The sweetest roots

European explorers found sweet potatoes in South America, where they were already being cultivated by Mesoamerican civilizations along with maize and amaranth. These vibrant root vegetables have since become a staple in our own modern diets as an alternative to the white, or Irish, potato, which it is not closely related to, contrary to popular belief.  

A member of the morning glory family, sweet potatoes thrive in warmer, temperate climates and come in an array of colors. Most common in supermarkets is the orange fleshed larger variety, but local sweet potato has a gorgeous purple hue. All share creamy textures with variations. 

In the United States, sweet potatoes often are called by the name of their cousin the yam, even though the two are very different. Due to this misappropriation of names and the confusion it may cause, the U.S. Department of Agriculture requires that if the vegetable is labeled as a yam, it must also include the term sweet potato. 


Sweet potatoes are rich in fiber and contain 23g of vitamin C per 100g raw. They are also a good source of vitamin B6. They supply up to 400 percent of the daily requirement of vitamin A due to their 3930μg beta-carotene content per 100g of raw sweet potato. Carotenes are fat soluble, so in order to increase the absorption of beta-carotene, a small amount of fat should be consumed alongside the sweet potato.  

Even the leaves of the sweet potato are high in protein, fiber and minerals. 

White vs. sweet 

Both the sweet potato and white potato are beneficial and deliver different nutritional punches. The white potato contains more potassium, folate and iron, while the sweet potato has a high beta-carotene content, higher vitamin C levels, fewer calories and more fiber. Sweet potatoes have a lower glycemic index and glycemic load than white potatoes, meaning they have slightly less of an effect on blood glucose levels.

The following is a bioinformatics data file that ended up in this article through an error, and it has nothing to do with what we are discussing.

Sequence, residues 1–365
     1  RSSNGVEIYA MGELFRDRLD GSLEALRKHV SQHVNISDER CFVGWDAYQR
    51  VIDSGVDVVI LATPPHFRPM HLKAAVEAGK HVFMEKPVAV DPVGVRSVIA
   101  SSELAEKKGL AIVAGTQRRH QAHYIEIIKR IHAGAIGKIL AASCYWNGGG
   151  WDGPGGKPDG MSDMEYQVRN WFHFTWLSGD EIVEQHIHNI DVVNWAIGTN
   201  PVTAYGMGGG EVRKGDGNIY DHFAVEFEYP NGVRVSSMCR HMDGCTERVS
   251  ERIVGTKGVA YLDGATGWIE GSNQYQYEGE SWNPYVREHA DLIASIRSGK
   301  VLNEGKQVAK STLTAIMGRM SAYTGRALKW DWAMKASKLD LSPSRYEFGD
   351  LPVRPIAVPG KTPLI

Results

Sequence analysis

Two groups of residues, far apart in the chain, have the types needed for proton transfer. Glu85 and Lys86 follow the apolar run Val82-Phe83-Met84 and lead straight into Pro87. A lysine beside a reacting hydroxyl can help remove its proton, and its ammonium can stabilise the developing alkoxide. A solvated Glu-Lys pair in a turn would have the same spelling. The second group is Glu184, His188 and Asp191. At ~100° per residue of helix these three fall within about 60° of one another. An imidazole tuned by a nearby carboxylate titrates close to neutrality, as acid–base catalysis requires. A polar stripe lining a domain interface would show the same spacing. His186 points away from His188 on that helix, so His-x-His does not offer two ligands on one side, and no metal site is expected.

How to eat 

Sweet potatoes are traditionally baked, roasted or mashed and can be cooked in their skin or peeled. A variety called boniato is popular in the Caribbean. It is slightly less sweet than other varieties of sweet potato but can be prepared in exactly the same way. Executive Chef Gilbert Cavallaro of Cracked Conch restaurant has supplied this recipe for marinated roast pork accompanied by boniato mousseline and wilted arugula. Mousseline, a strained puree, is an up-market addition to any dish. 

Marinated roast pork, boniato mousseline, wilted arugula 

To serve 4, with some pork leftover.  

Ask your butcher to butterfly the loin length-ways 



  • 1 pork loin 
  • 1 bunch mixed herbs (cilantro, basil, rosemary)  
  • 3 cloves garlic (1 sliced)  
  • 2 lemongrass stems 
  • Olive oil 
  • 1 lb boniato 
  • 1 cup of cream (heated lightly)  
  • 2 oz butter 
  • 1 bunch arugula 
  • Salt  



Bake the potatoes whole until tender (about 1 hour, depending on size). 

In a blender, mix 2 cloves of garlic, the herbs, enough olive oil to make a paste, salt and pepper. Put this herb mix on the pork, season and roll the meat on itself, securing with butcher’s twine. 

Sear the meat and put in the oven at 350°F (20 minutes per pound). 

Once the boniatos are cooked and while they are hot, cut in half and scoop out the flesh. Rice the flesh through a strainer or ricer, add the whole butter and hot cream. Adjust so that the mash is not too thick. Season. 

Let the meat rest. Keep the mash hot. Quickly sauté the sliced garlic in olive oil for 30 seconds then add arugula. Turn off the heat and serve straight away, topped with caramelized oranges if desired. 



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